Served: 15 Months
September 9, 1996 to January 4, 1998
At 2 a.m. on January 4, 1998, Kenton County Police Officer Brian Kane pulled over a Volvo on West Fourth Street in Covington for suspicion of driving while intoxicated and running a red light. During the initial investigation, the officer found the driver, Shawnta Michael Robertson (20) of Cincinnati, to be intoxicated and in possession of marijuana (both misdemeanors in Kentucky). Though it was unknown to Officer Kane at the time, Robertson already had three arrests in Hamilton County for Corruption of a Minor, Domestic Violence, and Grand Theft.
Robertson suddenly took off running down Fourth Street and across the Clay Wade Bailey Bridge. Officer Kane broadcast that he was in pursuit at 2:30 a.m. and Officer Partin drove to and over the bridge to a point ahead of the pursuit.
By this time, Officer Kane had caught up to Robertson who was resisting the arrest. Officer Partin, seeing that Officer Kane needed help, vaulted over the concrete divider between the roadway and walkway portions of the bridge. From his vantage point, he could not see that there was a three-foot gap between them. He fell into the frigid waters of the Ohio River.
For the rest of January and into February, law enforcement, divers, Coast Guard, helicopters, boats, underwater cameras and sonar, etc. were used to search for Officer Partin in a search area that expanded to as far as fourteen miles over time. Finally, the search was called off in the hopes the spring would bring thermal changes to the river and his body would be recovered.
During this time, without Officer Partin’s income, Mrs. Partin and her daughter were growing destitute. She could not receive survivor’s benefits until his body was recovered. Covington Police Officers sponsored several fund raisers to help defray Officer Partin’s family’s expenses.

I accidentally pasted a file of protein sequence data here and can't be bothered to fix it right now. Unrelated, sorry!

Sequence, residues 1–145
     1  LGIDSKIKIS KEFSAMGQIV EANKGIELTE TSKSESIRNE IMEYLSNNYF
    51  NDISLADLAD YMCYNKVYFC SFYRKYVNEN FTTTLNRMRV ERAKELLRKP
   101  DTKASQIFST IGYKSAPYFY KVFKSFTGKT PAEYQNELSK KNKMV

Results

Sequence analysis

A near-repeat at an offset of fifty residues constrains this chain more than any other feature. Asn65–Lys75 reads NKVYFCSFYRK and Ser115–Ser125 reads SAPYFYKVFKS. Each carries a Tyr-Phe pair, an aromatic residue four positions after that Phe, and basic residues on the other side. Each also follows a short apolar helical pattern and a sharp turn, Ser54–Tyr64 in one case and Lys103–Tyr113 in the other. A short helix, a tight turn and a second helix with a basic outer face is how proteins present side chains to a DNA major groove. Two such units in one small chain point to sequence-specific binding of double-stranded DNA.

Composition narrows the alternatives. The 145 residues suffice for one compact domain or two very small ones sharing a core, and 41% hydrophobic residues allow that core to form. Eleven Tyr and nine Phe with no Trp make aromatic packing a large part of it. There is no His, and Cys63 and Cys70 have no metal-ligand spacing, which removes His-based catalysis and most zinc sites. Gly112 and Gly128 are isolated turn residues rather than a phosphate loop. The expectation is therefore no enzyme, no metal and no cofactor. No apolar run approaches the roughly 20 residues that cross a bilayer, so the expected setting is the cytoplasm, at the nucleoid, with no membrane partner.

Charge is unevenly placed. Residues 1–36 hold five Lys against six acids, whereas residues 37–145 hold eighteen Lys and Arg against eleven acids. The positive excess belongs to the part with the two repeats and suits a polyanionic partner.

By April 1998, hope increased daily that, with the river at 55 degrees, his body would rise. Finally, on May 18, 1998, one week after he was honored in Police Memorial Day ceremonies, Officer Partin’s body was recovered near a boat on the Ohio side of the river, 1½ miles west of Anderson Ferry Road and 9½ miles from where he had entered the river.
Officer Partin was survived by his wife, Lisa Partin; stepdaughter, Sara Smith (11); parents and stepparents, Dave and Ruth Evers of Cincinnati and Louis and Karen Partin of Anderson Township; siblings, Angela Partin, Brandon Partin, and Joey Partin. Visitation was held at the Allison & Rose Funeral Home in Taylor Mill on May 21, 1998. Funeral services were held at St. Timothy Episcopal Church in Anderson Township, where he and his wife were married eight months prior in April 1997. He was then buried in Highland Cemetery, Fort Mitchell.
Officer Kane subdued Robertson and charged him with the redlight violation, driving under the influence, and resisting arrest. Robertson was released on bond the next day.
After being released on bond, Shawnta Robertson turned himself in on a probation violation warrant issued in Hamilton County and was jailed there until after the funeral. He was then extradited to Kenton County to answer charges which by then included Manslaughter.
On September 18, 1998, a jury found Shawnta Robertson guilty of 2nd Degree Manslaughter and recommended six years in prison. The judge sentenced him to six years.
After sentencing, Robertson continuously appealed his conviction. He was still appealing during July 2002, when the Kentucky Parole Board granted him parole. They asserted that they did so because the man “showed remorse.”
Hamilton County Court records indicate that between 2003 and 2010 he was cited and/or arrested for hazardous moving violations, Falsification, Obstructing Official Business, Resisting Arrest, Driving Without a License (3 times), Vicious Dog, Domestic Violence, Nonsupport, Menacing by Stalking, and Burglary. It is reasonable to assume he has other citations/arrests in other jurisdictions and his location since 2010 is not known.
On May 8, 1998, Covington Police Chief Al Bosse, before his body was found, retired Officer Partin’s Badge No. 54 and posthumously issued him the city’s Legion of Honor medal. Lisa later unveiled a new street sign for “Michael Partin Court” behind the Covington Police Headquarters. Chief Bosse also retired the badges of two others killed in the line of duty; Patrolman Donald Ronnebaum, No. 47, and Patrolman Cleophus Eifert, No. 53.
If anyone knows of any information, artifacts, or photographs of this officer or incident, please contact the Greater Cincinnati Police Museum Director at Memorial@police-museum.org.
© This narrative was researched and revised on January 1, 2013 by retired Cincinnati Lieutenant Stephen R. Kramer with assistance from Jennifer Baker, reporter for the Cincinnati Enquirer. All rights are reserved to them and the Greater Cincinnati Police Historical Society.